I'm curious - what has he said that wasn't true? :0

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Re: Diphthongs in Finnish

Postby Woods » 2017-08-26, 19:23

Many thanks :)

Your list doesn't have ey or iy.

Why do you think the author has omitted them? Are they very rare?

Could you please give some example words?


Naava wrote:
As far as I understand it, a diphthong is a combination of vowels that do sound as one

What do you mean?

Well, I mean that if you take the word Veikko for example, the ei sounds like ej, i.e. the whole word could as well be written as Vejkko and it’s obvious that the i is not a syllable-forming sound. Whereas the vowels in and tie sound like they’re part of two different syllables to me, but maybe that can be due to the fact that I haven’t heard these words pronounced properly. Next time I hear them I’ll try to listen more closely.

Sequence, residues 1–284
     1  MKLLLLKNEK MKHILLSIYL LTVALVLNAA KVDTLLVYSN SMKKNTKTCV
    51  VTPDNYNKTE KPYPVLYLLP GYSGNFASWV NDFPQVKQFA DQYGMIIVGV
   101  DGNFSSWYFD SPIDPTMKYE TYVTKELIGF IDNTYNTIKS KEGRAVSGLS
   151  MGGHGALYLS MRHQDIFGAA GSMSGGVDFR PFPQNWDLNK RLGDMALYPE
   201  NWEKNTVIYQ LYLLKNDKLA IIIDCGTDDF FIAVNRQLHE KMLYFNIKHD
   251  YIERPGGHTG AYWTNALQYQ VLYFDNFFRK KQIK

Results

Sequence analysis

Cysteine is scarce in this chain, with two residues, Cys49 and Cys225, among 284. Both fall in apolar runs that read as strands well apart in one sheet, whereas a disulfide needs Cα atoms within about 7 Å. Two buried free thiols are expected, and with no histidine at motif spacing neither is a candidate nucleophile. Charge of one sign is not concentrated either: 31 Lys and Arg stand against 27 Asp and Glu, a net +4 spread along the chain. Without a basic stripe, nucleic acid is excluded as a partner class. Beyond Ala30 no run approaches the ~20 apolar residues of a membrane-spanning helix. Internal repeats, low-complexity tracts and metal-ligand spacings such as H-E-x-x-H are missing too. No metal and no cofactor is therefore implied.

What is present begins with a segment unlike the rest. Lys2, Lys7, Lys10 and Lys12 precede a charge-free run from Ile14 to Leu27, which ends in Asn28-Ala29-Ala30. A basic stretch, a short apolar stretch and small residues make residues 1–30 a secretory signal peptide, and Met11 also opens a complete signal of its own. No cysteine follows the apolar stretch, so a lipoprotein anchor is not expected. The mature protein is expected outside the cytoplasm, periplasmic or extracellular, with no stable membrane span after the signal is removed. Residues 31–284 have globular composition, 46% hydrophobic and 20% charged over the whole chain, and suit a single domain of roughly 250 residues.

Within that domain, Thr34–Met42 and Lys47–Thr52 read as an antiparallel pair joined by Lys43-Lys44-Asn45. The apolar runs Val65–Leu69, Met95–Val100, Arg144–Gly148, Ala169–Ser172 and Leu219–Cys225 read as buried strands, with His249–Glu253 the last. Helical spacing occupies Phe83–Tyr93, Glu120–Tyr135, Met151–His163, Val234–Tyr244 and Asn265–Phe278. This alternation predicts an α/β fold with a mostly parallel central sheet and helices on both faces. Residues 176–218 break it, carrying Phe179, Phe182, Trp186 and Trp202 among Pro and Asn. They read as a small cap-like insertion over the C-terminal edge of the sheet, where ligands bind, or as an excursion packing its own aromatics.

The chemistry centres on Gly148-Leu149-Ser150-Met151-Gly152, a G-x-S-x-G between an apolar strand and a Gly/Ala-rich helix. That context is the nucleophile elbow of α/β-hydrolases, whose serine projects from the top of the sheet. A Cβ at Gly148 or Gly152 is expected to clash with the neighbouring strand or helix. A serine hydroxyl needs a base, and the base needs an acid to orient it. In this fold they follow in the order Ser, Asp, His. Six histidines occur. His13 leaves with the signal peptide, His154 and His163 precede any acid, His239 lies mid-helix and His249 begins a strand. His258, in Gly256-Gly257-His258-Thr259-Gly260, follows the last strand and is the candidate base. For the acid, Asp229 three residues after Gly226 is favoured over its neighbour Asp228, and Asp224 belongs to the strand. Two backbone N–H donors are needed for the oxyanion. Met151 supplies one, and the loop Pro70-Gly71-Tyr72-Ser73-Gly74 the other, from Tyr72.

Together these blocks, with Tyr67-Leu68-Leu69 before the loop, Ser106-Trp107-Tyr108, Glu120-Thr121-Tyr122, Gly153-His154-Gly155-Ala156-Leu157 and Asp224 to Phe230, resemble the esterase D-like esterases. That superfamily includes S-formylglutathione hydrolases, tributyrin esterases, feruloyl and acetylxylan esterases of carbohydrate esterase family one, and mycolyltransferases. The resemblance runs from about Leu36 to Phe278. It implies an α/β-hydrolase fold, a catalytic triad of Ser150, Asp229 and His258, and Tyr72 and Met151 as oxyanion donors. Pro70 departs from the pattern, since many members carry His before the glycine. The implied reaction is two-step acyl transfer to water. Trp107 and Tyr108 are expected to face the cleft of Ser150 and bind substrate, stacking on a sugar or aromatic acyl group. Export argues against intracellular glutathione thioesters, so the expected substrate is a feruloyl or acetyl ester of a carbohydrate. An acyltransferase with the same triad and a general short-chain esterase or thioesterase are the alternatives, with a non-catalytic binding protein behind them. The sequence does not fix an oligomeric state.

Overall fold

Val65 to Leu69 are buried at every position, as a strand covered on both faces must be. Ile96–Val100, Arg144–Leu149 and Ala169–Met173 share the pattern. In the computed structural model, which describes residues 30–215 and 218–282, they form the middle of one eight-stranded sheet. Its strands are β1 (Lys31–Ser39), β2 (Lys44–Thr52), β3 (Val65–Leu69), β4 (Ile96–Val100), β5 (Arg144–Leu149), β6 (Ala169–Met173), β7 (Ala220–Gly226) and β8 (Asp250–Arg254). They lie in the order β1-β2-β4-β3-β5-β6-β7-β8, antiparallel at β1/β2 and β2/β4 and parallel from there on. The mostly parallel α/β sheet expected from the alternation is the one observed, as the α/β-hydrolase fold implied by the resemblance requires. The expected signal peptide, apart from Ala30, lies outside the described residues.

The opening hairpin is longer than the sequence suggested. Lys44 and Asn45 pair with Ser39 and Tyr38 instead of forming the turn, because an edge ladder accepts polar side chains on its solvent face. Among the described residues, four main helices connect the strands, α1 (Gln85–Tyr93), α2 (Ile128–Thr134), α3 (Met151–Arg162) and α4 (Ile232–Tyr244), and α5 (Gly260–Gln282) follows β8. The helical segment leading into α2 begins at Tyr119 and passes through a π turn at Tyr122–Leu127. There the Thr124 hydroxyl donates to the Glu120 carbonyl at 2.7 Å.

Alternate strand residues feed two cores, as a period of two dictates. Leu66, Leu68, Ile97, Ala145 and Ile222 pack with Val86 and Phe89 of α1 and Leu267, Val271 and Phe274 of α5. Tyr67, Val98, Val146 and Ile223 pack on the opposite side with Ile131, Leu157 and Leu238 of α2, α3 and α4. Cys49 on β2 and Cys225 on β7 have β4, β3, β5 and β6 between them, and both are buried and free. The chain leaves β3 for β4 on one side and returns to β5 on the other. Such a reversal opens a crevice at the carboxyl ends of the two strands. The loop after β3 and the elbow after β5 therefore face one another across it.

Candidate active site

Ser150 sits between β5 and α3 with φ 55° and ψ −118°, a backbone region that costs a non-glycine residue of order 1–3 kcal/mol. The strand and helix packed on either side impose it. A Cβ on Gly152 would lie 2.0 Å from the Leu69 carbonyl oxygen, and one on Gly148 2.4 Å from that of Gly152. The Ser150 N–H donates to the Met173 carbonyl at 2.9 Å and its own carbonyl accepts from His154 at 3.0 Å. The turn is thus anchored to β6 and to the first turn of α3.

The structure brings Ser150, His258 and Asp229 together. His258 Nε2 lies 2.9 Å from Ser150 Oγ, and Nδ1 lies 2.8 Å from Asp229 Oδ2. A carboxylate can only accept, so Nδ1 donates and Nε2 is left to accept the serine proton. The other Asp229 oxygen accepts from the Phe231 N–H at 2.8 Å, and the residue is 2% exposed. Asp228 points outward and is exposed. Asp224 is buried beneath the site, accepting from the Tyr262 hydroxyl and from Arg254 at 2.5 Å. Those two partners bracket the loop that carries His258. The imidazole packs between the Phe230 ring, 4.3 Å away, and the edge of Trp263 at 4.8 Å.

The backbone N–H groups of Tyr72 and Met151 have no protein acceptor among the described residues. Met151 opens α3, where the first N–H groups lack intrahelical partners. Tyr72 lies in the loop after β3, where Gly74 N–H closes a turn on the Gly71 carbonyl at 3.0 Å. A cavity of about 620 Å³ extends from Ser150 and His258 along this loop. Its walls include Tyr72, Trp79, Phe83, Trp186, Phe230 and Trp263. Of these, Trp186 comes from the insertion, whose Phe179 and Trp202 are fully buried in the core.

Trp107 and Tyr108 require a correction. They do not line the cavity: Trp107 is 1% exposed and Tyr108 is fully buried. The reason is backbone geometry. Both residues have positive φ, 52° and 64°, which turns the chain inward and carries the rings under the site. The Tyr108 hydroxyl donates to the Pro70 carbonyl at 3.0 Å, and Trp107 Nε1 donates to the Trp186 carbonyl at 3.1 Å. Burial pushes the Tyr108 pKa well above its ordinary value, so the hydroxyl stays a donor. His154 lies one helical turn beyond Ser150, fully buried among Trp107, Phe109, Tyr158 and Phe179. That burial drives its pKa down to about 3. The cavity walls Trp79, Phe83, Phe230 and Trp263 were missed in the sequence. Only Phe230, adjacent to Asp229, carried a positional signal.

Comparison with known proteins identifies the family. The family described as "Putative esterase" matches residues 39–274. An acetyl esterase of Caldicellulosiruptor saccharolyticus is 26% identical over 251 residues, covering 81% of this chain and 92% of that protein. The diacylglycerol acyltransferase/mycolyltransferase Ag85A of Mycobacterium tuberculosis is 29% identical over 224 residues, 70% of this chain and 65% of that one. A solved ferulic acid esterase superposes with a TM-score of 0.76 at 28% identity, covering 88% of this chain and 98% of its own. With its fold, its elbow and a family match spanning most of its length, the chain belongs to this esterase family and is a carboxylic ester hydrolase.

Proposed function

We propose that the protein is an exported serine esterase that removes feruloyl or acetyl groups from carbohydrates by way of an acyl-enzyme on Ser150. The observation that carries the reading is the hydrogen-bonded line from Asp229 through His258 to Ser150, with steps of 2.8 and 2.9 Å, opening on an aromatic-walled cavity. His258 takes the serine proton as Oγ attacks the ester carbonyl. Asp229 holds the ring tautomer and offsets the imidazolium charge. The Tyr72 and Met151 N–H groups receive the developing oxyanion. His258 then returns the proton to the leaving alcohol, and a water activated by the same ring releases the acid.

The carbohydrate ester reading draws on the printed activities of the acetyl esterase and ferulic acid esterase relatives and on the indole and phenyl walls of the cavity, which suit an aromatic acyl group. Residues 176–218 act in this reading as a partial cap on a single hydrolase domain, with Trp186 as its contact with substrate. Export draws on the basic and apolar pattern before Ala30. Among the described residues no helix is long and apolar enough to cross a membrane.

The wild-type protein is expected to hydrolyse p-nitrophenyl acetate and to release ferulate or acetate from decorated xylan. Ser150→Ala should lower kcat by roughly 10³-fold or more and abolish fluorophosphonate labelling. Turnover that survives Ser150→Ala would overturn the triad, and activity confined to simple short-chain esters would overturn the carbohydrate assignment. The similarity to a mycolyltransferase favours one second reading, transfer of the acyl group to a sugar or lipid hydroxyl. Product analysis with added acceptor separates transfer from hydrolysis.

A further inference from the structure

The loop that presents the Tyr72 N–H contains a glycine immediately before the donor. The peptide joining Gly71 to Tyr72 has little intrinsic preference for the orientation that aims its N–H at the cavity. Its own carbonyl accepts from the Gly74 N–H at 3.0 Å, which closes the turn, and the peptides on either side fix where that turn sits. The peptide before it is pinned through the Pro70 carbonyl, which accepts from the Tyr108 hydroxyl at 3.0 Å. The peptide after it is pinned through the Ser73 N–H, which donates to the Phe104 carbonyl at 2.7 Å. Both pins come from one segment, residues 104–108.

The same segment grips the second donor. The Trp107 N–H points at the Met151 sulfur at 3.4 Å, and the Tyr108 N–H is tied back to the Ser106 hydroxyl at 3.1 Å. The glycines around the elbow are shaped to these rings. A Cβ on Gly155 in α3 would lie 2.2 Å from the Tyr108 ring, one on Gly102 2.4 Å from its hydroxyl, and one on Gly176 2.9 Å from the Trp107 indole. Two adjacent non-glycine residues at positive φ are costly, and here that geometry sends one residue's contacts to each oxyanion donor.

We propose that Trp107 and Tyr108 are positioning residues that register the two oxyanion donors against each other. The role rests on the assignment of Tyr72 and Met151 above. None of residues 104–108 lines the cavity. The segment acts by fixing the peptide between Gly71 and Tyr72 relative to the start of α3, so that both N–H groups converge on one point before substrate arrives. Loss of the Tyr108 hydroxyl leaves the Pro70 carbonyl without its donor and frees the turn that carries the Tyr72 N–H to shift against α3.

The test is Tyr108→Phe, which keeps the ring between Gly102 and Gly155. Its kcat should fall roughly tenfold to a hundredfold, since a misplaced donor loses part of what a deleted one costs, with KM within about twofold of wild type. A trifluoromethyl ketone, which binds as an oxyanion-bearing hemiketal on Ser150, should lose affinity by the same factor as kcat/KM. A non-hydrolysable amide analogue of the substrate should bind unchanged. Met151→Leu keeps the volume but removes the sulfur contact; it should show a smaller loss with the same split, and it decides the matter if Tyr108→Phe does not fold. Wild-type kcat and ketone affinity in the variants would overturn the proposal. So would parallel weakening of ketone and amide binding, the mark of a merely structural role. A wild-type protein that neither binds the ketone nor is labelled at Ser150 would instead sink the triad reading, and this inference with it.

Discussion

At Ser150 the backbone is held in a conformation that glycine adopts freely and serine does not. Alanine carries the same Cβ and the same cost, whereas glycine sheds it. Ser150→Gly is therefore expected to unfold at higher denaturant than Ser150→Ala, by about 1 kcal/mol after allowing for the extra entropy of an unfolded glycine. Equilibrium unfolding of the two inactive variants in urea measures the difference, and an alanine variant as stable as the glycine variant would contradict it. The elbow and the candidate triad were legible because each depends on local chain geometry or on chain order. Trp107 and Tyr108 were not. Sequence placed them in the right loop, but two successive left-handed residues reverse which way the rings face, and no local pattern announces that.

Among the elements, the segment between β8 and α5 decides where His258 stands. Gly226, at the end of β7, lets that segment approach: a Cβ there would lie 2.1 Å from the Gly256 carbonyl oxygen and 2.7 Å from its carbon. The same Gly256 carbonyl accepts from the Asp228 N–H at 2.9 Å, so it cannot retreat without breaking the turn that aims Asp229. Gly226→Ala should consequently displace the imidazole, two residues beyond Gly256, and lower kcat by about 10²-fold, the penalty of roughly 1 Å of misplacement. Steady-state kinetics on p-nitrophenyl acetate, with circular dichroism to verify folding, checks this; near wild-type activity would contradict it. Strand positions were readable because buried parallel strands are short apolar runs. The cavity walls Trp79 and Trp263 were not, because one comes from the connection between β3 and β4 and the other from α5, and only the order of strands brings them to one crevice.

I'm curious - what has he said that wasn't true? :0

Hard to tell, I don't remember exactly, but I'll try to write back if I spot something again.

Many of his explanations (in the English translation at least) don’t make much sense to me – so I have to rephrase them to myself and do further research in order to use them. Let’s just say that he’s not exact in his explanations, and sometimes there are also typos in that edition, which can be very confusing when we’re talking about Finnish word endings.


For example, rae doesn't have a diphthong because this word is in the weak grade that historically had a consonant between a and e. Compare with the strong grade: rake

I have to admit that I haven’t heard the term ‘weak grade’ yet (except when studying German, I guess). I’ll check in my grammar tomorrow… Well, I have to admit that this grammar is still a great starting point for someone who hasn’t learnt Finnish yet :)